“His wife told me herself. I went to the shop this afternoon to have a few words with Hill and see how he felt after the way Holymead had gone for him at the trial. His wife burst out crying when she saw me, and she told me that her husband had cleared out last night after he came home from court. The hardened scoundrel took with him the few pounds of her savings which she kept in her bedroom, and had even emptied the contents of the till of the few shillings and coppers it contained. All he left were the half-pennies in the child’s money-box. He cleared out in the middle of the night after his wife had gone to bed. He left her a note telling her she must get along without him. I have the note here—his wife gave it to me.”
Rolfe took a dirty scrap of paper out of his pocket-book and laid it before Inspector Chippenfield. The paper was a half sheet torn from an exercise-book, and its contents were written in faint lead pencil. They read:
“I have got to leave you. I have thought it out and this is the only thing to do. I am too frightened to stay after what took place in the court to-day. I’ll make a fresh start in some place where I am not known, and as soon as I can send a little money I will send for you and Daphne. Keep your heart up and it will be all right.
“Keep on the shop.
“YOUR LOVING HUSBAND.”
“The poor little woman is heartbroken,” continued Rolfe, when his superior officer had finished reading the note. “She wants to know if we cannot get her husband back for her. She says the shop won’t keep her and the child. Unless she can find her husband she’ll be turned into the streets, because she’s behind with the rent, and Hill’s taken every penny she’d put by.”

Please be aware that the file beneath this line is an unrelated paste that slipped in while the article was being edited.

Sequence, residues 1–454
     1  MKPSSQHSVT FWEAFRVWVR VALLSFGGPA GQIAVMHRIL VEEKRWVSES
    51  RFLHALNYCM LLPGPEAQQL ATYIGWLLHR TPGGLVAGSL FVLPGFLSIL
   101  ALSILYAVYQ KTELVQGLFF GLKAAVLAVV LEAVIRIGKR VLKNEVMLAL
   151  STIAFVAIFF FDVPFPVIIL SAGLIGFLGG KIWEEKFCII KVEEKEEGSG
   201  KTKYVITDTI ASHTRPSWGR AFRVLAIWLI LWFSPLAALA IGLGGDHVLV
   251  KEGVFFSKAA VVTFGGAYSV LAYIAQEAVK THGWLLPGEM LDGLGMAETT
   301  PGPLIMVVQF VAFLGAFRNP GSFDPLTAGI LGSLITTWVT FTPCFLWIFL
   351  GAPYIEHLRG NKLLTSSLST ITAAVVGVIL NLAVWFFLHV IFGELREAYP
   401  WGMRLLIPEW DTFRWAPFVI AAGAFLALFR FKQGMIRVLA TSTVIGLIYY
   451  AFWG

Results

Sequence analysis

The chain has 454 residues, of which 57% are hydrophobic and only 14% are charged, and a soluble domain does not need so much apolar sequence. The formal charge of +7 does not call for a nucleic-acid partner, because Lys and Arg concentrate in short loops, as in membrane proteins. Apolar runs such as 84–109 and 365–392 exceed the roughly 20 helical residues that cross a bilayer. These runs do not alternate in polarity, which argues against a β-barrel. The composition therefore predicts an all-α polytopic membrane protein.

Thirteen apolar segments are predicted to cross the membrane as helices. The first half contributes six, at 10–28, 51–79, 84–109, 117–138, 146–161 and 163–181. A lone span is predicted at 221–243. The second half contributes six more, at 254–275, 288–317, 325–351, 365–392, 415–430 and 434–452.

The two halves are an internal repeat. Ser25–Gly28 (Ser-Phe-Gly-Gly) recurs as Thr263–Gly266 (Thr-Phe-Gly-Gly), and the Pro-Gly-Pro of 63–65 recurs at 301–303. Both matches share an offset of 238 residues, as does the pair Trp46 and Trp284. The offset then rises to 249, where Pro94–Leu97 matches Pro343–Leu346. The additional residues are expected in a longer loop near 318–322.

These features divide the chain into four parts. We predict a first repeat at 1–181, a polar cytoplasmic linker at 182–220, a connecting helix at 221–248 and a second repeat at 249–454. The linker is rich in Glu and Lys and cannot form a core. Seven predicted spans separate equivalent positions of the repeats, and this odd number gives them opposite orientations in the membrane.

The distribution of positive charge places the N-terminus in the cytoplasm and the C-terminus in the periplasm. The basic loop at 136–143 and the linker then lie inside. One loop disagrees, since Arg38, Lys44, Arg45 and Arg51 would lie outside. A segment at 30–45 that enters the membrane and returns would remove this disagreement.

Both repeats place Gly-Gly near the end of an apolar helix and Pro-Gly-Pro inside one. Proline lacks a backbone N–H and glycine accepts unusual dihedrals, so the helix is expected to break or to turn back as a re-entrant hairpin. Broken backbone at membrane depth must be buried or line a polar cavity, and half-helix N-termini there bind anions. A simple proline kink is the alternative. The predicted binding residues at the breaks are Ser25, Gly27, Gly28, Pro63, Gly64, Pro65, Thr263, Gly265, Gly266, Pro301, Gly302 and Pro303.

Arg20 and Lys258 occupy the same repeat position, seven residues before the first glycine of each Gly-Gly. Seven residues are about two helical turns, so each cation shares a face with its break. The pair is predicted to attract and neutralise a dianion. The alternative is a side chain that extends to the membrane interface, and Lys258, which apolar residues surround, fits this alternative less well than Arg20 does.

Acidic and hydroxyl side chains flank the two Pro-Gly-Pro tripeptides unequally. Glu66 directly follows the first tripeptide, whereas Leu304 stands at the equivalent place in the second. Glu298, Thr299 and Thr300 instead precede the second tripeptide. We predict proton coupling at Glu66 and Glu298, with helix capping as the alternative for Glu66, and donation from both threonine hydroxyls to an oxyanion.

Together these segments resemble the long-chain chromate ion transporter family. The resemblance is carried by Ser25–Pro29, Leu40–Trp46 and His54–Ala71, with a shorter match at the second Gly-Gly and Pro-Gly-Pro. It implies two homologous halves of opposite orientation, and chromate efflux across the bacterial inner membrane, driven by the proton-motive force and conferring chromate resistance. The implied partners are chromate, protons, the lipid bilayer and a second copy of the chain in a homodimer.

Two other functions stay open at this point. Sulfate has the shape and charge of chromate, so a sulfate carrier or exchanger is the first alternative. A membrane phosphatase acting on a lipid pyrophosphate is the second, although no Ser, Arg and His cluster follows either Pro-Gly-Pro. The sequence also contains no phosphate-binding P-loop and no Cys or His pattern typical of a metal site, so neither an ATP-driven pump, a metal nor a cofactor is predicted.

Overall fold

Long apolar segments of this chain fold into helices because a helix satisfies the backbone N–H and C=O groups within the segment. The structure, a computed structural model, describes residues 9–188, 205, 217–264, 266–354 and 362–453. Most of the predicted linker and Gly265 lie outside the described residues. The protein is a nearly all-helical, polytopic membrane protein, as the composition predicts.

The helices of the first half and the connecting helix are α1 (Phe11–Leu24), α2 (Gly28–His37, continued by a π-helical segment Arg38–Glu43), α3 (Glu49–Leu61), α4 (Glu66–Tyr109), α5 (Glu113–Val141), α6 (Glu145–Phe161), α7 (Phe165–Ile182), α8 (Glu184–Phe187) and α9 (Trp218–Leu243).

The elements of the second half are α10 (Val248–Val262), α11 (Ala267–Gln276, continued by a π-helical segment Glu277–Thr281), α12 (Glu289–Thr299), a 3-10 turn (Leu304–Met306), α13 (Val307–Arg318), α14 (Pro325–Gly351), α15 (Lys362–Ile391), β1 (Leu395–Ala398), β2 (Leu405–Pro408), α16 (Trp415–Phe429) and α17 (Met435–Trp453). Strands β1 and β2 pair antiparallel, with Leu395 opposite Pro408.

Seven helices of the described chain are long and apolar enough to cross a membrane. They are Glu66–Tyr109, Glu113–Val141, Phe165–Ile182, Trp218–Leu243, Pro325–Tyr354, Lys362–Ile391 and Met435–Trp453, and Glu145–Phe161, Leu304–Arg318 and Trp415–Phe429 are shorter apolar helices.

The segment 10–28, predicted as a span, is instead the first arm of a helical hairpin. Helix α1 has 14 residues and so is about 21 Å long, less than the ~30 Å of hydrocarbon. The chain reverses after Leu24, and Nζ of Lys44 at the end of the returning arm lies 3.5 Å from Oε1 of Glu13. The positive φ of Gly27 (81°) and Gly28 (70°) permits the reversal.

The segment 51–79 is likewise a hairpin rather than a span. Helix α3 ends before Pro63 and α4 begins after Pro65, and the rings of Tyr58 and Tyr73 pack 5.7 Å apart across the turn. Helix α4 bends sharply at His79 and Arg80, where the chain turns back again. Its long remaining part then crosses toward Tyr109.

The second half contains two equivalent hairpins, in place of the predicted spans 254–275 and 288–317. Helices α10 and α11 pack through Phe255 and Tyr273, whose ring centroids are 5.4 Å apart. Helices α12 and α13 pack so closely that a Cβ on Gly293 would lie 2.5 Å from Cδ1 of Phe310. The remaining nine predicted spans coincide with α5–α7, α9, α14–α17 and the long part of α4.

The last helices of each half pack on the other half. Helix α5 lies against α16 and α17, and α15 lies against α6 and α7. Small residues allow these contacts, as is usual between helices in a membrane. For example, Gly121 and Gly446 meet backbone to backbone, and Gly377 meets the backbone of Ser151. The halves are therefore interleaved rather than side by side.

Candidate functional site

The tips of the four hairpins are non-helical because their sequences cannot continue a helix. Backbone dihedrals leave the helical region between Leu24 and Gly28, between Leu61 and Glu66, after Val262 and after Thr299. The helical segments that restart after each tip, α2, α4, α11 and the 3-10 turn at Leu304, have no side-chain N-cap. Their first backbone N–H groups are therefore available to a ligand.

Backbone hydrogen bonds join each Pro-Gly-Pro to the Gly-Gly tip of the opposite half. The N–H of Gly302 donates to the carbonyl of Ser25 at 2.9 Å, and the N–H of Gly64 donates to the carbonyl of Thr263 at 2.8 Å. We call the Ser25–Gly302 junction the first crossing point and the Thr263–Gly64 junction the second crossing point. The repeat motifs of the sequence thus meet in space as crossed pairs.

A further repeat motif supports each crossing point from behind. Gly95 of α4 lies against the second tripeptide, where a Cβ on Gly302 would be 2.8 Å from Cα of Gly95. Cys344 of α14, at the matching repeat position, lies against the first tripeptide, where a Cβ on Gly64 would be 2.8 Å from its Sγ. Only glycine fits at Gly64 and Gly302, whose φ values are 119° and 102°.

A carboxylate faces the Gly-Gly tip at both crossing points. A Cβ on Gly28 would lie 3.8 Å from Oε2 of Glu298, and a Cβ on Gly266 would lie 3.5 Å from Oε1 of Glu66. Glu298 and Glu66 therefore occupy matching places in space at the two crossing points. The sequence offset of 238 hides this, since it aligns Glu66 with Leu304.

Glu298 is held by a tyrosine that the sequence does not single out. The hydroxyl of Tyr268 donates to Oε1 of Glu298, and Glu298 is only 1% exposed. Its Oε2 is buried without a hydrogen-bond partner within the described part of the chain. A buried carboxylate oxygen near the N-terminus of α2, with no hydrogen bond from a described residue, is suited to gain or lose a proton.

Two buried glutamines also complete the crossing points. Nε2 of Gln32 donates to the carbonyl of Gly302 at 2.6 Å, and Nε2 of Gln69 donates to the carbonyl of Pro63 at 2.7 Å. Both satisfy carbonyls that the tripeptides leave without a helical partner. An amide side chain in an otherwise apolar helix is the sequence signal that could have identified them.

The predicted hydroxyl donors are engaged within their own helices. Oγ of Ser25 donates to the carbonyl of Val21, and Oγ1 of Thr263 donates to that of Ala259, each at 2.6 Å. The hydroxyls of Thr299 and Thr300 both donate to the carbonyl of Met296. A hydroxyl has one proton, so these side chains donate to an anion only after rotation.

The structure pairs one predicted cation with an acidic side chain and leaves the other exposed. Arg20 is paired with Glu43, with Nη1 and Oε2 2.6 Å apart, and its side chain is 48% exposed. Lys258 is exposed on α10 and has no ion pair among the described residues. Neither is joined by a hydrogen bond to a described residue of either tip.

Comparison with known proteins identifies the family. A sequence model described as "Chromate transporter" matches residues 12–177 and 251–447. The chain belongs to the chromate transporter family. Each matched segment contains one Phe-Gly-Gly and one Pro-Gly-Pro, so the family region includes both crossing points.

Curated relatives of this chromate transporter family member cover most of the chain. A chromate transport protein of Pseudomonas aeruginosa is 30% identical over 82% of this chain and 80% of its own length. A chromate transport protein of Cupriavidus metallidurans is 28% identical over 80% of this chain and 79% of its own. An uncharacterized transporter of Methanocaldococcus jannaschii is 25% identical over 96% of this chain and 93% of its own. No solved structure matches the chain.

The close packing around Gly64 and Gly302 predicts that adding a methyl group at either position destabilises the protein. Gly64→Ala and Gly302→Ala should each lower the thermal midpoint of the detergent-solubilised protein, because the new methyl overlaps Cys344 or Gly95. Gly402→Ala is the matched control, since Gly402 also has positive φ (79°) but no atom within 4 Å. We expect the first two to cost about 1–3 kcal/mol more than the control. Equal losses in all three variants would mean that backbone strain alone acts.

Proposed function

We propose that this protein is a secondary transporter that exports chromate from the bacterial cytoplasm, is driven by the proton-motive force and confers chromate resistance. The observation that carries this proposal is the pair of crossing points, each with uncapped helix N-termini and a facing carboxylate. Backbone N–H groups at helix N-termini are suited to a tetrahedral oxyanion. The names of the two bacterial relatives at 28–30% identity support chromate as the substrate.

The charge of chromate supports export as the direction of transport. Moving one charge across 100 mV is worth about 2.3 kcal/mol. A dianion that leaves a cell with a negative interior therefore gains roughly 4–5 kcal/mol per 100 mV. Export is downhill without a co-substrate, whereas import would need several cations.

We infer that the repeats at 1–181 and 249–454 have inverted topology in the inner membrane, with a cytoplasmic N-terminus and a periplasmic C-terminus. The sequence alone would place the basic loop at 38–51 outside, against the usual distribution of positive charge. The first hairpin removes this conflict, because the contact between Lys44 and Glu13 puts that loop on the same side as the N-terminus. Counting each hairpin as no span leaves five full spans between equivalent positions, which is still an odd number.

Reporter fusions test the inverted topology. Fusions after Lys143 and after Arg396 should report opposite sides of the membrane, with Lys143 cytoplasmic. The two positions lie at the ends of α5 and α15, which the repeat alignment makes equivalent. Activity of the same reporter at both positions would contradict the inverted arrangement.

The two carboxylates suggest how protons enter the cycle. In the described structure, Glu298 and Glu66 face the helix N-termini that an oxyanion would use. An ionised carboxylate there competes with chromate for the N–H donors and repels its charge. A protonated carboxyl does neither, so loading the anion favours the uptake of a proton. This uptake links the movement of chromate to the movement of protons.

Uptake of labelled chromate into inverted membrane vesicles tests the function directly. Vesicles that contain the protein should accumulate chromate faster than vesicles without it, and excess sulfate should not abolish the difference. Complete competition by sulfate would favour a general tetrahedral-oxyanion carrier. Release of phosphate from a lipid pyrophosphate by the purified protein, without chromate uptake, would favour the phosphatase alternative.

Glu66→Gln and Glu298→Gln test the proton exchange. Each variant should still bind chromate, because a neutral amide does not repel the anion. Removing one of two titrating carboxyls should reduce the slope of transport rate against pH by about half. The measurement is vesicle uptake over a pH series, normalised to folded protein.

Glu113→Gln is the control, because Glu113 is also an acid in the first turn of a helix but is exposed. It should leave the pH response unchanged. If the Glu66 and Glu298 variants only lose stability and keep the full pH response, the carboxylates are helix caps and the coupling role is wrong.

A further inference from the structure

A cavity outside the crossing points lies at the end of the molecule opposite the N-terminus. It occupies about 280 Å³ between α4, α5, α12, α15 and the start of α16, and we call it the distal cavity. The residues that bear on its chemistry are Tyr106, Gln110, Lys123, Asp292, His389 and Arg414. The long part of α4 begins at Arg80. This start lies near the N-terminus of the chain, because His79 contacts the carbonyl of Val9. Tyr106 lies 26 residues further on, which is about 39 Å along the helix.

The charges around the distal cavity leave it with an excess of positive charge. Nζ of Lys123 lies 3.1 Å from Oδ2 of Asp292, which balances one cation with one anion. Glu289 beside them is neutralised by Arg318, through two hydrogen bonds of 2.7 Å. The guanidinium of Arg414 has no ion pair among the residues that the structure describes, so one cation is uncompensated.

“Then she’d better go to the workhouse,” retorted Inspector Chippenfield brutally. “We’d have something to do if Scotland Yard undertook to trace all the absconding husbands in London. We can do nothing in the matter, and you’d better tell her so.”
Inspector Chippenfield handed back Hill’s note as he spoke. Rolfe eyed him in some surprise.
“But surely you’re going to take out a warrant for Hill’s arrest?” he said.
“Certainly not,” responded Inspector Chippenfield impatiently. “I’ve already said that Scotland Yard has something more to do than trace absconding husbands. There’s nothing to prevent your giving a little of your private time to looking for him, Rolfe, if you feel so tender-hearted about the matter. But officially—no. I’m astonished at your suggesting such a thing.”
“It isn’t that,” replied Rolfe, flushing a little, and speaking with slight embarrassment. “But surely after Hill’s flight you’ll apply for a warrant for his arrest on—the other ground.”
“On what other ground?” asked his chief coldly.
“Why, on a charge of murdering Sir Horace Fewbanks,” Rolfe burst out indignantly. “Doesn’t this flight point to his guilt?”